1928 - 2013

Italian born photographer Willy Rizzo began his career in the golden age of photojournalism and went on to become famed for his memorable and iconic portraits of celebrity.

He took his first photographs at the early age of 12 when his family were living in Paris. As a teenager, during the Nazi occupation of the city, Rizzo bought his first Rolliflex camera on the black market. This camera and his natural talent led to a job as a reporter and him traveling to Tunisia to photograph harrowing scenes of burnt out tanks on the battlefields. Rizzo then went on to cover the Nuremberg Trials and the French Indochina War.

After the war he began photographing celebrity, when he was recruited by ‘France Dimanche’ and was sent to Cannes, to cover the first film festival. This was the start illustrious career photographing the beautiful and the famous.

After, working with magazines such as ‘Life’ in LA, he returned to Paris to work on the creation of the new magazine ‘Paris Match’ in 1949. This began a prestigious working relationship with the magazine which lasted 20 years. In 1954, he became the Artistic Director of Marie Claire Magazine and continued to collaborate with other key fashion publications including Vogue.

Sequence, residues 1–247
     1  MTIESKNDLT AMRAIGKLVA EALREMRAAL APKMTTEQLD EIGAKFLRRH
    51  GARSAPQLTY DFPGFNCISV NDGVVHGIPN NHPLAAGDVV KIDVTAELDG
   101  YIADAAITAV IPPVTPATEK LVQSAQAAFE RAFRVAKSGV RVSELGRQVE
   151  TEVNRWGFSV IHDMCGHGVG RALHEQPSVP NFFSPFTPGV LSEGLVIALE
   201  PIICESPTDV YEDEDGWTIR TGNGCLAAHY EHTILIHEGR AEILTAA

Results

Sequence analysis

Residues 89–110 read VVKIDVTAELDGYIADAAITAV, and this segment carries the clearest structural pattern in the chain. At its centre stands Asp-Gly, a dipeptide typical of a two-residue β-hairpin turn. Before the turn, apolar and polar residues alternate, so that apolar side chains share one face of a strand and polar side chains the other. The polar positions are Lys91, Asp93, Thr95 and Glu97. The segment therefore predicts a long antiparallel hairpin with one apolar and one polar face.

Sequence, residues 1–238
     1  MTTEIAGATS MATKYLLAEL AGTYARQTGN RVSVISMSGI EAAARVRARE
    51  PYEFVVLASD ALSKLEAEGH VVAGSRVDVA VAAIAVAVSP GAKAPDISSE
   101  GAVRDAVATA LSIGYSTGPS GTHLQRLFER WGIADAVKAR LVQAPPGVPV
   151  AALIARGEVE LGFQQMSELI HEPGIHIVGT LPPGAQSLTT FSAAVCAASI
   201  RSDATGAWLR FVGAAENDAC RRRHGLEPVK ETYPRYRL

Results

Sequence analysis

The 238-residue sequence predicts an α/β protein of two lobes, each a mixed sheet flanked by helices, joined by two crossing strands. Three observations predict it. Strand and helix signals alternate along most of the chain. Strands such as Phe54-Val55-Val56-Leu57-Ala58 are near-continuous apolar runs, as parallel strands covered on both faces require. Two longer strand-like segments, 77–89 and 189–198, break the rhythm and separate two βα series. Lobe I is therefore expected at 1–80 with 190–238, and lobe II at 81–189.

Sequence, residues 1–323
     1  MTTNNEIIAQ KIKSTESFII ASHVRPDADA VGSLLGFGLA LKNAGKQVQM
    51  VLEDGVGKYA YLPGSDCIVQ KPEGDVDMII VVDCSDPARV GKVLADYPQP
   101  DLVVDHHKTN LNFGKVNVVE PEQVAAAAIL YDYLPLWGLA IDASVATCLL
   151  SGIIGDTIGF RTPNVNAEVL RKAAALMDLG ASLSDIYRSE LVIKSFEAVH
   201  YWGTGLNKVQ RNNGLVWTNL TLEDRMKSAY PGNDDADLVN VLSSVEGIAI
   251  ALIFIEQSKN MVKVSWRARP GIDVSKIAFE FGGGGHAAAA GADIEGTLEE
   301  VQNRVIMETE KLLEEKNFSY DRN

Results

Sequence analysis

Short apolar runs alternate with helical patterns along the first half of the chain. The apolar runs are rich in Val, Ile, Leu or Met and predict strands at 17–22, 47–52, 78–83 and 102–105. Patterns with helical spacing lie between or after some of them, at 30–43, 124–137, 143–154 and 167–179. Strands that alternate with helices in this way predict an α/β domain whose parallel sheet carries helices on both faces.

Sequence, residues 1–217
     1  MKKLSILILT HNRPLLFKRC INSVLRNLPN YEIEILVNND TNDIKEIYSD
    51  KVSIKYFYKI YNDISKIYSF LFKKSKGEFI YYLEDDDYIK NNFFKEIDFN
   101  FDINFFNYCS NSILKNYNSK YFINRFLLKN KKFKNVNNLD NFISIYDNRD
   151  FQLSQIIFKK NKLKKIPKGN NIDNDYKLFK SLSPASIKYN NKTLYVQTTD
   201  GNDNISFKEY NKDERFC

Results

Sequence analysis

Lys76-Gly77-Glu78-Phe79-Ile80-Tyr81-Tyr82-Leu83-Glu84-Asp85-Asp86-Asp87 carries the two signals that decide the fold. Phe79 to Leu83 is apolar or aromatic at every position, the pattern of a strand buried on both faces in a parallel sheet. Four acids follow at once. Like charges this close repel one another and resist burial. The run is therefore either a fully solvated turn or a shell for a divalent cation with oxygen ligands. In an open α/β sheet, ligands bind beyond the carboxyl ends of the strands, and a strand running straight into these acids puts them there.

He was one of the last to photograph Marilyn, he charmed Marlene Dietrich into a rare photo shoot and he took one of the few known photographs of Coco Chanel laughing. His subjects spanned seven decades, from the 1940s to the 2000s including: Audrey Hepburn, Salvador Dalí, Sophia Loren, Marilyn Monroe, Yves Saint Laurent, Catherine Deneuve, Brad Pitt, Le Corbusier, Marlene Dietrich, Jack Nicholson, Joan Collins, Picasso, Sarah Vaughan, Joan Crawford, Milla Jovovich, Jane Fonda, Jean Cocteau, Josephine Baker, Mademoiselle Coco Chanel, a very young and playful Brigitte Bardot and Jayne Mansfield photographed in her outrageously opulent bath-tub.


True to her word, Marilyn was there the next day, a July afternoon, two weeks before she died. She had done her own make up and Rizzo recalled that she had "...made a bit of a hash of it" and that there was "...an underlying sadness about her" but despite that, Rizzo declared that "...it was as if all the most beautiful women in the world were there, rolled into one!"


Rizzo was the recorder and witness of generations.